Read time: 3 minutes 18 seconds
While many Americans breathe a sigh of relief at having another round of midterm elections in the rearview mirror, America's other problems are still in front of their faces.
With the winter season rapidly approaching, fear, anxiety and uncertainty are gripping many in the Northeastern U.S.
Currently, they are having to deal with sky-high diesel prices and surging demand, while many of the suppliers in the Southeast are struggling to maintain inventory.
According to Andrew Lippoe, an oil-industry consultant out of Houston, Texas, supply is the lowest it has been in decades.
"This is the lowest diesel inventory we've had at this time of year since 1951," Lippoe says. "It is quite concerning, considering demand is four times what it was back then."
Mansfield Energy (ME), a fuel supply and logistics company out of Georgia and operates in every state, is sounding the alarm on the crises.
"Normally, East Coast markets would have about 50 million barrels of supply in storage throughout the market—and sometimes much more," ME said in an Oct. 27 press release.
"This year, however, the East has less than 25 million barrels on hand. That means that when bulk traders go to pull their inventories, they may not find much left in the tank. For East Coast fleets—now is the critical time to make sure your supplier has a plan for the winter to keep your equipment running. Outside the East Coast, markets could face some challenges, but most of the biggest issues will be concentrated eastward."
ME attributes much of the problem at hand to "poor pipeline shipping economics and historically low diesel inventories."
But some energy executives believe the driving cause for this crisis is more political.
Mike Taylor of Combined Energy Services explained to Tucker Carlon what he believes is the root cause for much of the pain being felt in the industry.
"The climate change agenda in the Northeast, Tucker, is really what's causing this," he said, blaming the "demonization of fossil fuels."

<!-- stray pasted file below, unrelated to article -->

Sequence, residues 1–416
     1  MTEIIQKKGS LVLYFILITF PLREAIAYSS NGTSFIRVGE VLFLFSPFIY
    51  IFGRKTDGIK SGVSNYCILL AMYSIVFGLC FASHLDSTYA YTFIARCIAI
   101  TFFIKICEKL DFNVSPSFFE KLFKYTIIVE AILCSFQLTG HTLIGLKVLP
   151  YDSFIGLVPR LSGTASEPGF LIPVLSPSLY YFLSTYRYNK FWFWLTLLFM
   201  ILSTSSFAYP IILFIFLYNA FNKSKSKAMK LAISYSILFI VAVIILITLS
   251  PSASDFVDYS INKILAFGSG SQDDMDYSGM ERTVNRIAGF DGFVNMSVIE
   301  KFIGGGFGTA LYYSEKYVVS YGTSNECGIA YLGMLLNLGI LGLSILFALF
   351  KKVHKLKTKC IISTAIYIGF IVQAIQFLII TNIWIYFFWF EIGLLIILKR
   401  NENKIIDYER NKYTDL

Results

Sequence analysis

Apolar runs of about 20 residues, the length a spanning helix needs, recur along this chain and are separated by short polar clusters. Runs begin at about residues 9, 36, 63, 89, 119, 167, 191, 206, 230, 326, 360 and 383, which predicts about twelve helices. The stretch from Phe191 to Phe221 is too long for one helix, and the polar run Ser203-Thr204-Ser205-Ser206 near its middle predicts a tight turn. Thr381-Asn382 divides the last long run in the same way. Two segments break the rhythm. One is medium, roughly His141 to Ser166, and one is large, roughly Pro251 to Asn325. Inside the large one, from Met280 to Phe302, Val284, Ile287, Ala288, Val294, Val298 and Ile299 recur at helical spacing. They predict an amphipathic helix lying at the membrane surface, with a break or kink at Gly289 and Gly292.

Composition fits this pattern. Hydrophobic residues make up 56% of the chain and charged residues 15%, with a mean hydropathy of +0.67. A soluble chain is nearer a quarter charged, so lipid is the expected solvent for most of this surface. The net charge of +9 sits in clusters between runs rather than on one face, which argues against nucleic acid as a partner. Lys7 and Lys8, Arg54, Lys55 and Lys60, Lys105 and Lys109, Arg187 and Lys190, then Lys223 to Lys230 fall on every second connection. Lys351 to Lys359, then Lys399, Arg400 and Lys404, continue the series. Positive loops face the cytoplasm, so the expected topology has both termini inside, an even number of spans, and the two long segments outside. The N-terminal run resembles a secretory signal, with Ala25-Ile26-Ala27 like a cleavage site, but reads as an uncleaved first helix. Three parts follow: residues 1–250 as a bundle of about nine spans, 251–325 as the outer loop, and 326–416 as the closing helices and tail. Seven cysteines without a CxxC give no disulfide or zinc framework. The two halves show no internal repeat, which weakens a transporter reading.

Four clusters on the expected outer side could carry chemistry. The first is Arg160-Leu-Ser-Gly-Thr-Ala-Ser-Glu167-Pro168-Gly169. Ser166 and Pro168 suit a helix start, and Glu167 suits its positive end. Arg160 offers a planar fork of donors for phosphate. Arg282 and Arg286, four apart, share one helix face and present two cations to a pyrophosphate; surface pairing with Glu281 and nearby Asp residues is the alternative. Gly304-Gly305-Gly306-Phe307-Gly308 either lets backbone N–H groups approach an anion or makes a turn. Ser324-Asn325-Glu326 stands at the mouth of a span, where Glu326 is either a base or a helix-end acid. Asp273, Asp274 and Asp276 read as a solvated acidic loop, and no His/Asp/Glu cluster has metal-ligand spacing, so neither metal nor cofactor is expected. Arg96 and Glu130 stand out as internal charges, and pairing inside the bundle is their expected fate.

For the states in the Northeast and Mid-Atlantic coast that signed the RGGI cap-and-trade-pact, which is intended to "cap and reduce power sector CO2 emissions," it has become a major contributor to the ongoing crisis.
"All of our oil comes out of that region," Taylor said. "It floats up through New York Harbor, and that supplies New England. We've already seen curtailments and shortages up on the Hudson River terminals. That was early October.
"Our suppliers are really saying it's a fine tightrope that if we have a drastically cold winter it could be trouble."
With kerosene prices hovering around $7 a gallon, the most vulnerable members of society are the ones most at risk of being unable to afford heat during the winter months. For those on the lower end of the financial spectrum, it will be impossible to afford heating at these inflated prices.
Amrita Sen of Energy Aspects, a top analyst in the field, noted that the increase of oil prices had a direct impact on diesel reserves being filled prior to the winter months:
"We are expecting [oil] prices to go towards $100 into the year end, and really trade into the $110s and $120s for most of next year," Sen told Bloomberg.
"We just haven't built [diesel supplies] over the summer," Sen said. "And that's what we tend to use in the winter if it does get very, very cold."
Unless there is a significant pivot from the current energy policies of the Biden administration, millions of Americans who depend on fossil fuels for heat and survival during the colder months are in for a difficult winter season.
Christians across the country need to lift up those affected and the leaders in charge of this country in prayer, so that the vulnerable members of American society are taken care of and looked after during these difficult times.
James Lasher is Staff Writer for Charisma Media.
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